China now has 41,000 movie screens, over 700 million mobile internet users and three major streaming providers in iQIYI, Youku Tudou and Tencent with a combined total of 70,000,000 paying viewers in the first quarter of 2017. Revenue from paying users of internet video in China is expected to hit US$2.2 billion this year. No wonder Asian producers are making films, TV series, and web series for and with the Chinese.

American streamer Netflix, who is dominating in the rest of the world, is playing catch up in Asia. It’s done a deal with China’s iQIYI, is producing local content in Japan and India, has announced a licensing deal for Korean shows and will be premiering Korean original material in 2018. In Singapore and Indonesia it has partnerships with local telcos for distribution. Elsewhere in Asia, though, Netflix has far greater competition from domestic streamers who already have significant local offerings.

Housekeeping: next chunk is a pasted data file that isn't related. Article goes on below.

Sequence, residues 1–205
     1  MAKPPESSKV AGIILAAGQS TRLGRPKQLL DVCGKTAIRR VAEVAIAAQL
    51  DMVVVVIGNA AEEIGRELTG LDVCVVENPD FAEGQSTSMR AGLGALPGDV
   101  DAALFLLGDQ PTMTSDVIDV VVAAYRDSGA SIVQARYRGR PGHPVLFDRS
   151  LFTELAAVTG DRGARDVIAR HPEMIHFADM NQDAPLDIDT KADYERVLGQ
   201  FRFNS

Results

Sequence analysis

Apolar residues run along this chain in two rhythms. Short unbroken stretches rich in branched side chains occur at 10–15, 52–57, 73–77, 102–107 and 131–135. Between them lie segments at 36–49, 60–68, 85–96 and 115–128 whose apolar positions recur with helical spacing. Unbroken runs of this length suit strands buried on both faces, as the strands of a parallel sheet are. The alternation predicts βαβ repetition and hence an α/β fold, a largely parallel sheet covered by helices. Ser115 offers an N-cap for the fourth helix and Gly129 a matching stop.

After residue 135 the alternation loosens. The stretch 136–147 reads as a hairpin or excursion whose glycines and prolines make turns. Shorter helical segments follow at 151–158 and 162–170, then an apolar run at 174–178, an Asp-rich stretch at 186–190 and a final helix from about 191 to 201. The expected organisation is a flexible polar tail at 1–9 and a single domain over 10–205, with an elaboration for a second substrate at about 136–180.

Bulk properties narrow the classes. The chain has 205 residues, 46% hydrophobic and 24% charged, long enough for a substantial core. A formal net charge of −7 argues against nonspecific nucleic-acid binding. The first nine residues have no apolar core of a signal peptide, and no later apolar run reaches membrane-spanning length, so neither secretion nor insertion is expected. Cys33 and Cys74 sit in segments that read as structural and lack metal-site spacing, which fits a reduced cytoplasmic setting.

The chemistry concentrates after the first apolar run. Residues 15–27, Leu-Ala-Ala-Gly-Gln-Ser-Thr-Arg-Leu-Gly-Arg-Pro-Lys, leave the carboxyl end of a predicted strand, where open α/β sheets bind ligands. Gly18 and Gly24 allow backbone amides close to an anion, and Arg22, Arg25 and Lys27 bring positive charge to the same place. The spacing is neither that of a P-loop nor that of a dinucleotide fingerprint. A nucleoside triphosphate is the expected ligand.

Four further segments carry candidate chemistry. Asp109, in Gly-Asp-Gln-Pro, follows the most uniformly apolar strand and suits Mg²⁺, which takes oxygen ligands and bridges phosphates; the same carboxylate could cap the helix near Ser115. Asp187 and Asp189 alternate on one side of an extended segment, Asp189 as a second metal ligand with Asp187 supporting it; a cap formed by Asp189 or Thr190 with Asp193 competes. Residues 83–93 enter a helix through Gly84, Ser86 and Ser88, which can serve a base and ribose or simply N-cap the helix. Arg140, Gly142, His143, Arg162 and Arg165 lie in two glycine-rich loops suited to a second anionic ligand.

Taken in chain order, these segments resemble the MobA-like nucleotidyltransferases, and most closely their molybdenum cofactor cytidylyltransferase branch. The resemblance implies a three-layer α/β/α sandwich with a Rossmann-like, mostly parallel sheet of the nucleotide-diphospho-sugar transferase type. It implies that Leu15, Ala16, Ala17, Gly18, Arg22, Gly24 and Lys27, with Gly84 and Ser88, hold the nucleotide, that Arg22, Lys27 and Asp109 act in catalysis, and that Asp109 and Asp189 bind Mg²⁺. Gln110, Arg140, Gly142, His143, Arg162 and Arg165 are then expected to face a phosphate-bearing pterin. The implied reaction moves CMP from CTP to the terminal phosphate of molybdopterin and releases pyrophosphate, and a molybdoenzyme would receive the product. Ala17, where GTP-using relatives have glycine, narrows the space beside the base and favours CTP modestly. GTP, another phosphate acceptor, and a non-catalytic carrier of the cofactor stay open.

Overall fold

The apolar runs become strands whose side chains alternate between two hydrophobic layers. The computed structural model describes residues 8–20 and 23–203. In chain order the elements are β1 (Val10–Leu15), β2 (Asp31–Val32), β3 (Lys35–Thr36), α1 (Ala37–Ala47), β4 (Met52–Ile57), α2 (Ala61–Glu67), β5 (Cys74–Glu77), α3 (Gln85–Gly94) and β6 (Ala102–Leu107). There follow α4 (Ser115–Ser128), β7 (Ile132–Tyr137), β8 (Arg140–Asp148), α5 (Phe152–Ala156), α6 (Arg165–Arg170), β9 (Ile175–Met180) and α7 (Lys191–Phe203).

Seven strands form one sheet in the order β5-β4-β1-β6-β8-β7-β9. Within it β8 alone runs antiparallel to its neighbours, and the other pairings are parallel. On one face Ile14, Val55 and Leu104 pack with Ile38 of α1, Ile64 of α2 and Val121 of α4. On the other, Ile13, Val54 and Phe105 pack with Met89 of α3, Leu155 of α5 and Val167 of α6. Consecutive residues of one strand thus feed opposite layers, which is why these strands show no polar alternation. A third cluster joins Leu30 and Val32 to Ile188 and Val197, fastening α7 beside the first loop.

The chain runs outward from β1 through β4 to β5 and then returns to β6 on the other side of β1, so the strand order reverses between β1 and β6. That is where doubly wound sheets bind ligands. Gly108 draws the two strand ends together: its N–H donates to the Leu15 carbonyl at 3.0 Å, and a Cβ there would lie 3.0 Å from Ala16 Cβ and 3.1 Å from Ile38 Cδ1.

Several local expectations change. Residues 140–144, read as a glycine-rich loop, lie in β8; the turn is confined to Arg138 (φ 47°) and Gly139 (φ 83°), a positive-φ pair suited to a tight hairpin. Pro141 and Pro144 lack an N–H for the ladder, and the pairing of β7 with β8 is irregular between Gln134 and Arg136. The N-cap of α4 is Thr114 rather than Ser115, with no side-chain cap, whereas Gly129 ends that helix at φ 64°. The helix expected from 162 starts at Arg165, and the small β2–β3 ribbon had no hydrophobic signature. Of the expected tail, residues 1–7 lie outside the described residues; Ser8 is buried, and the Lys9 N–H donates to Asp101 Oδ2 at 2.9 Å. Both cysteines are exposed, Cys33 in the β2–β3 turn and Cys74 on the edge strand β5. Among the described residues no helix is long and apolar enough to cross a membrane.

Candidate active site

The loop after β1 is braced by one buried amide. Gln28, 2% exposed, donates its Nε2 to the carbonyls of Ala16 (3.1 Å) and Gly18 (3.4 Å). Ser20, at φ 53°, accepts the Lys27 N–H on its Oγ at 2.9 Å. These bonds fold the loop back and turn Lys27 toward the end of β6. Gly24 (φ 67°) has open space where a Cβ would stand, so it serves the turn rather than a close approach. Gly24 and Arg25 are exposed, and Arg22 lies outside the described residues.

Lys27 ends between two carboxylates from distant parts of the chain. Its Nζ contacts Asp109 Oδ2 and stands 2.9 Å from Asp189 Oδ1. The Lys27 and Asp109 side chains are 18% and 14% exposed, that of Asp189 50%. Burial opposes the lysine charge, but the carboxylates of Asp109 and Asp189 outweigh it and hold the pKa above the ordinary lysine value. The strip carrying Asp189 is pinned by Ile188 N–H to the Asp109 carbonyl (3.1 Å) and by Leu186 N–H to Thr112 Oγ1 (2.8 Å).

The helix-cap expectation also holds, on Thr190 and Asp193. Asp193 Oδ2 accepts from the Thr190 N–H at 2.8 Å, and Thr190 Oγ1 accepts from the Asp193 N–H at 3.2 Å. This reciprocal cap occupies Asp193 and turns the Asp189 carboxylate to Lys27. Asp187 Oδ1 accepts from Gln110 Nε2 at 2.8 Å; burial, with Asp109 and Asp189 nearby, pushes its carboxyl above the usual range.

So what does all this action in Asia mean for us here?

Natural History New Zealand and Sir Richard Taylor’s Pukeko Pictures have well established relationships in China built over many years, and they are already producing TV content with the Chinese. Huhu Animation announced a multi-picture deal and the first official China-NZ co-production, animated feature Beast of Burden. These apart, there’s not a lot going on although two official feature co-productions with China and one with Korea are mooted.